Author: Patricia Howard
Publisher: Cambridge University Press
Release Date: 1985-09-19
Genre: Biography & Autobiography
This book is designed to introduce the non-specialist music lover to Britten's opera, The Turn of the Screw. The opening chapters by Vivien Jones and Patricia Howard deal with the literary source of the opera Oames's novella), the structure of the libretto, and the technique by which a short story was transformed into an opera. The central chapter, on the musical style and structures of the opera, includes an account of the composition process deduced from early sketches of the work by John Evans, an analysis of the unique form of the opera with a more detailed examination of the last scene by Patricia Howard, and an account of the significance and effect of the orchestration by Christopher Palmer. Finally, Patricia Howard traces the stage history of the work, from its initial reception in Venice in 1954, through some seminal reinterpretations in the 1960s to its present established position in the repertoire. The book is generously illustrated and there is also a bibliography and discography.
Author: Henry James
Release Date: 2016-01-15
“The Turn of the Screw” was published by Henry James in 1898 in Usa. It is a gothic story novella in which the Author tells us a ghost story in a non-stereotypical way: ghosts are weird extensions of everyday reality. Nonetheless James refers to the classical Gothic fiction. This book contains a special note on Henry James by Joseph Conrad (Henry James. An appreciation, 1905) and a detailed bibliography including all the publications of the Author. This interactive digital edition includes: Interactive Notes and Chapters, News about the Author, News about the Book, a very interesting Tag cloud of the Book and a link to connect to the Goodreads community to ask questions and share comments and opinions.
Release Date: 1960
Performances of Benjamin Britten's "The Turn Of The Screw" by the Intimate Opera Group, also includes the Intimate Opera Group Chamber Orchestra, libretto by Myfanwy Piper, produced by John Edmund, conductor: Thomas Matthews, decor: Ostoja-Kotkowski, cast listed are: Joan Gill, Jacqueline Talbot, John Worthley, Janice Hearne, Terry Lee and John Carlini, orchestra members: Donald Creedy, John Gould, David Powell, Alex Pogodin, John Foster, David Cubbin, Noel Post, Kevin Murphy, Norman Lewis, Stanley Fry, Huw Jones, Barry Heywood, John Chapman and Elizabeth Silsbury.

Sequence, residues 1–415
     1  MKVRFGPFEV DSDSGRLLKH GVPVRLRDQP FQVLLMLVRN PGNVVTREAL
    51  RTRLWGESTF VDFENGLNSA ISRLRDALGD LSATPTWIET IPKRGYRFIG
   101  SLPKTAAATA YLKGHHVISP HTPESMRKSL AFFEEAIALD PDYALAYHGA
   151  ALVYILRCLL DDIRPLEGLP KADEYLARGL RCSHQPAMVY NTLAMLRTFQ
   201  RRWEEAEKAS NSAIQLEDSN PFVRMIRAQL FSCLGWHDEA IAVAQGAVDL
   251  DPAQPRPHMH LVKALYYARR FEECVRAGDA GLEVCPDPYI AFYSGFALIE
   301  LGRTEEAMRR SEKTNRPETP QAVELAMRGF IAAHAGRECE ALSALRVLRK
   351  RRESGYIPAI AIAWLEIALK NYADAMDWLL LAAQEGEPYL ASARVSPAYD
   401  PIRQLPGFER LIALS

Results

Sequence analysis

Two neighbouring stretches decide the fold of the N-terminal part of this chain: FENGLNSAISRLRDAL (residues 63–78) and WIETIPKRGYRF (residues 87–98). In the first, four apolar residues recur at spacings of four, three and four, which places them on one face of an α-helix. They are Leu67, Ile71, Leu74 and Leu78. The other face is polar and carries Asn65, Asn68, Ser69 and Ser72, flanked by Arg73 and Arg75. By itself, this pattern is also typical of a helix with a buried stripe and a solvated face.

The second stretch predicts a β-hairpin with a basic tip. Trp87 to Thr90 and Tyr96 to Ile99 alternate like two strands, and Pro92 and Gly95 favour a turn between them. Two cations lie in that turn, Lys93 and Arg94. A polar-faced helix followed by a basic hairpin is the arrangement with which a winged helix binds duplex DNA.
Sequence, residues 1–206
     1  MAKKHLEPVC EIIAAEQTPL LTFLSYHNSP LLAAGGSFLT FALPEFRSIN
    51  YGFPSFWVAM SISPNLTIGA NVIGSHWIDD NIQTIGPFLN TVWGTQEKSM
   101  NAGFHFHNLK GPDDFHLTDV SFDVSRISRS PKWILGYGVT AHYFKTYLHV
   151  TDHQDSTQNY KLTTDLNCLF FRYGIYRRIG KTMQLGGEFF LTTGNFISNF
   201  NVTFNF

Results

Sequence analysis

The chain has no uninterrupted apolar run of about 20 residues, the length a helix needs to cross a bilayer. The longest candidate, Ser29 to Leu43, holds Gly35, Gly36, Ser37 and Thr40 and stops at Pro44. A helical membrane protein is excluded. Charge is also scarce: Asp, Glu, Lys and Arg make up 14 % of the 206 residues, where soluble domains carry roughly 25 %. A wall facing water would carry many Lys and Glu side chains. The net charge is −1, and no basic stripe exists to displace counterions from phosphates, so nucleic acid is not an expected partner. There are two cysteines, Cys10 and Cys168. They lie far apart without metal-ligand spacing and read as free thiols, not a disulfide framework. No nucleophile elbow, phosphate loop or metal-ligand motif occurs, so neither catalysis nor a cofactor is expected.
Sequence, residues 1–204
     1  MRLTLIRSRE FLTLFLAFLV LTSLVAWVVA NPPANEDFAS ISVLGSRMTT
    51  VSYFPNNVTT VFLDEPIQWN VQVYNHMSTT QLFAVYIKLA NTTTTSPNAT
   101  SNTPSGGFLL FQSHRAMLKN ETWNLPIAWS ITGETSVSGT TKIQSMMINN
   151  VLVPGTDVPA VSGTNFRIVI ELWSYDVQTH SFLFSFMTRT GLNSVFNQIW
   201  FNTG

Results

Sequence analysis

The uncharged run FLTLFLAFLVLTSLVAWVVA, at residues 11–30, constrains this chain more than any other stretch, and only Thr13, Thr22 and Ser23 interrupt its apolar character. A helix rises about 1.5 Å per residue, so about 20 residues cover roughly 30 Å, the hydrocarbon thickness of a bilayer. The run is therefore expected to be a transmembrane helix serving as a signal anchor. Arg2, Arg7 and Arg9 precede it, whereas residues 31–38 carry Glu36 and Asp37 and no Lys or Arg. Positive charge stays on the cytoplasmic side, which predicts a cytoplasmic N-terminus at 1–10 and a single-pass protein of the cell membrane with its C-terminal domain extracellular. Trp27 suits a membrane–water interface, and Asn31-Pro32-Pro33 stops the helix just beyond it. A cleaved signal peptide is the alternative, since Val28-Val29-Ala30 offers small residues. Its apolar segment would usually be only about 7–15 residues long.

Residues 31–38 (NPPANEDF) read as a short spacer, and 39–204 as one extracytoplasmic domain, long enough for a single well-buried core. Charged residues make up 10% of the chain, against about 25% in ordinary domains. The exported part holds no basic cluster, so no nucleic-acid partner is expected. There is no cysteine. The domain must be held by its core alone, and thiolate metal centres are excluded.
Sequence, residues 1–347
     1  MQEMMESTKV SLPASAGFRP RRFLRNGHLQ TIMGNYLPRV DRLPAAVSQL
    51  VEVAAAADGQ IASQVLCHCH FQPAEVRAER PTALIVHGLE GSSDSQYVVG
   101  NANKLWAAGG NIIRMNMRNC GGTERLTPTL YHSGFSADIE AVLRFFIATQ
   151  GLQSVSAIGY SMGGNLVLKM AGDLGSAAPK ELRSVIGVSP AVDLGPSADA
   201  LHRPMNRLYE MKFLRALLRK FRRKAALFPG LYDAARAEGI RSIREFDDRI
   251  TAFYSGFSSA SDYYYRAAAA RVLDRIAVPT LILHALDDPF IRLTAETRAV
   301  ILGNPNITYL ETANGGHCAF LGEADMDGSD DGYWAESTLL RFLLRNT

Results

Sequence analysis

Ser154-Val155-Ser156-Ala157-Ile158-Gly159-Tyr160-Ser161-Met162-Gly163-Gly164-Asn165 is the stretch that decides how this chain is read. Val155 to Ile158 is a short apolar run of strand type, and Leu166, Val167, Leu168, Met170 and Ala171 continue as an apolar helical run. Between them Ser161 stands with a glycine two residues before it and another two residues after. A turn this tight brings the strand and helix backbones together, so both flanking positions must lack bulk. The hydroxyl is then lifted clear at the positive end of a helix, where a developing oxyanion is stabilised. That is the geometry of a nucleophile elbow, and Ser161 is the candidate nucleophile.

Author: Books, LLC
Publisher: Books LLC, Wiki Series
Release Date: 2010-05
Please note that the content of this book primarily consists of articles available from Wikipedia or other free sources online. Pages: 23. Chapters: The Beggar's Opera, The Little Sweep, The Turn of the Screw, Peter Grimes, Owen Wingrave, Death in Venice, Albert Herring, Curlew River, Billy Budd, A Midsummer Night's Dream, Noye's Fludde, Gloriana, The Rape of Lucretia, The Prodigal Son, The Burning Fiery Furnace, Paul Bunyan. Excerpt: The Beggar's Opera is a ballad opera in three acts written in 1728 by John Gay. It is one of the watershed plays in Augustan drama and is the only example of the once thriving genre of satirical ballad opera to remain popular today. Ballad operas were satiric musical plays that used some of the conventions of opera, but without recitative. The lyrics of the airs in the piece are set to popular broadsheet ballads, opera arias, church hymns and folk tunes of the time. The Beggar's Opera premiered at the Lincoln's Inn Fields Theatre on 29 January 1728 and ran for 62 consecutive performances, the longest run in theatre history up to that time. The work became Gay's greatest success and has been played ever since. The original production was so successful that John Rich, the manager of the theatre, was able to build a new theatre, the Theatre Royal, Covent Garden, forerunner of the Royal Opera House. In 1920, The Beggar's Opera began an astonishing revival run of 1,463 performances at the Lyric Theatre in Hammersmith, London, which was one of the longest runs in history for any piece of musical theatre at that time. The piece satirised Italian opera, which had become popular in London. According to The New York Times: "Gay wrote the work more as an anti-opera than an opera, one of its attractions to its 18th-century London public being its lampooning of the Italian opera style and the English public's fascination with it." Instead of the grand music and themes of opera, the work uses familiar tunes and characters that were ordinary peop...
Britten's Children confronts the edgy subject of the composer's obsessional yet strangely innocent relationships with adolescent boys. One of the hallmarks of Benjamin Britten's music is his use of boys' voices, and John Bridcut uses this to create a fresh prism through which to view the composer's life. Interweaving discussion of the music he wrote for and about children with interviews with the boys whom Britten befriended, Bridcut explores the influence of these unique friendships - notably with the late David Hemmings - and how they helped Britten maintain links with his own happy childhood. In a remarkable part of the book Bridcut tells for the first time the full story of Britten's love affair in the 1930s with the 18-year-old German Wulff Scherchen, son of the conductor Hermann Scherchen. As Paul Hoggart of The Times commented, 'this type of love belonged to an emotional landscape that has vanished for ever, and we are the poorer for it'. Since making the film, the author has extended his research to include friendships Britten had with children which have not previously been documented. The documentary Britten's Children won the Royal Philharmonic Society's 2005 Award for Creative Communication: 'this serious and beautiful film explored one aspect of a composer's life in great depth. Avoiding the temptation of sensationalism, Britten's Children was imaginatively researched and both touching and revelatory'.
Author: Darren Mark Saady
Release Date: 2011
Genre: Composition (Music)